[Here's a maddeningly open-textured memory -- time and place uncertain, validity also uncertain. I think this was around 1978, maybe at MIT, maybe somewhere else, and Brian Smith was giving a talk about the ideas on computational "reflection" (a way for "a computational system to 'reason' effectively and consquentially about its own inference processes") that were eventually laid out in his 1982 MIT PhD thesis.  Afterwards, someone in the audience raised his hand and said "So what you're saying is, 'anything you can do, I can do meta'". Or maybe not, and someone made the joke about Brian's work in some other context. In either case, I don't think it was the first time that I heard the phrase.]

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12 Comments »

  1. Jens Fiederer said,

    March 30, 2010 @ 1:20 pm

    Post-1946 is probably a safe assumption — the probability that Berlin was actually influenced by the earlier "meta" version seems negligible.

  2. Sili said,

    March 30, 2010 @ 1:41 pm

    I shall first try to prove to your satisfaction that there cannot be any normative system ultimately based on anything except human will.

    A remarkably apropos quote given the current brouhahah over Sam Harris' TED talk* claiming that there is some kinda Natural Law.

    *Speaking of which, why haven't any of the Loggers been invited to TED yet?

  3. Ralph Hickok said,

    March 30, 2010 @ 3:01 pm

    Are you quite sure that the phrase originated with Berlin's song?

  4. Bryan said,

    March 30, 2010 @ 4:08 pm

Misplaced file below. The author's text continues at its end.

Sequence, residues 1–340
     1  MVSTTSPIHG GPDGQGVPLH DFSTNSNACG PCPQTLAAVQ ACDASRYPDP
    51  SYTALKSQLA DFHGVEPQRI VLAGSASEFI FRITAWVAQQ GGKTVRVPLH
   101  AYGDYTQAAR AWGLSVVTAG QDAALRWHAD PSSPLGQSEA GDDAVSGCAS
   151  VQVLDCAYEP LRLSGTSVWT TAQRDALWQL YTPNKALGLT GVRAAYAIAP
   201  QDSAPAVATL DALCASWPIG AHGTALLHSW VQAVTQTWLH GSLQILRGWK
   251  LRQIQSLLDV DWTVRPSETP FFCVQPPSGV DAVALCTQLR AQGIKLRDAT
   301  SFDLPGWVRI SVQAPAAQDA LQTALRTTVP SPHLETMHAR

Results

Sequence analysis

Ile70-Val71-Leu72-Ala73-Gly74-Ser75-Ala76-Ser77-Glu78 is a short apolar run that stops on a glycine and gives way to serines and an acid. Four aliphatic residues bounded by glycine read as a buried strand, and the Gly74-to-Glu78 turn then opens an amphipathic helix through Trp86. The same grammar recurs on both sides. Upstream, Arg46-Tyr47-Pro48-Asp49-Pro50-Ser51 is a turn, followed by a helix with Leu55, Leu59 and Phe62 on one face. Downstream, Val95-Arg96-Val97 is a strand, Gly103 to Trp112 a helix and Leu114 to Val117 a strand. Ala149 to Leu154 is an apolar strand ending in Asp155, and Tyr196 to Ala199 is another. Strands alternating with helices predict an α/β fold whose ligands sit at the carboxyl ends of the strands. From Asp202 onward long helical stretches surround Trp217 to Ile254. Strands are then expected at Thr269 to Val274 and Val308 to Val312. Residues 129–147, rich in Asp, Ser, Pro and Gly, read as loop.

I've previously heard it attributed to Charles Simony, who got his PhD in Computer Science in the 70s, but I have no hard evidence.

  5. Bryan said,

    March 30, 2010 @ 4:09 pm

    That should be "Simonyi" of course.

  6. David said,

    March 30, 2010 @ 4:33 pm

    I can't actually think of a more recent example, post 1946, but it's worth asking around campus.

  7. Lazar said,

    March 30, 2010 @ 6:02 pm

    I feel compelled to share a quote that I made up myself, and have used on a number of online venues:

    MO' META = MO' BETTA!

  8. J.W. Brewer said,

    March 31, 2010 @ 10:53 am

    The meta/better substitution is cleaner for the non-rhotic (although it's reasonably transparent to us members of the Rhotic-American Community, unlike for example A.A. Milne's Eeyore = hee-haw, which was totally opaque to me as a child). It would be interesting to know to what extent its early propagation was in non-rhotic circles, although I would assume e.g. that the indigenes of the MIT Media Lab did not overwhelmingly speak indigenous Eastern Massachusetts English.

  9. metanea said,

    April 1, 2010 @ 6:27 am

    Had to blog this:

    "meta" news: "Anything you can do, I can do meta" [Language Log]

    Gotta agree with Lazar, mo meta mo betta!

  10. Private Zydeco said,

    April 15, 2010 @ 6:06 pm

    This not said with a spiteful mien at all, nor in oppugnment of the supposed idiocy it takes to commit typographic mistakes, but…
    "1/32/3007"? LOL That's a hum-dinger!

  11. Private Zydeco said,

    April 15, 2010 @ 6:07 pm

    Language Log: the language blog of a thousand years from now, TODAY!

  12. nmacmillan said,

    October 24, 2012 @ 7:40 pm

    Hofstadter?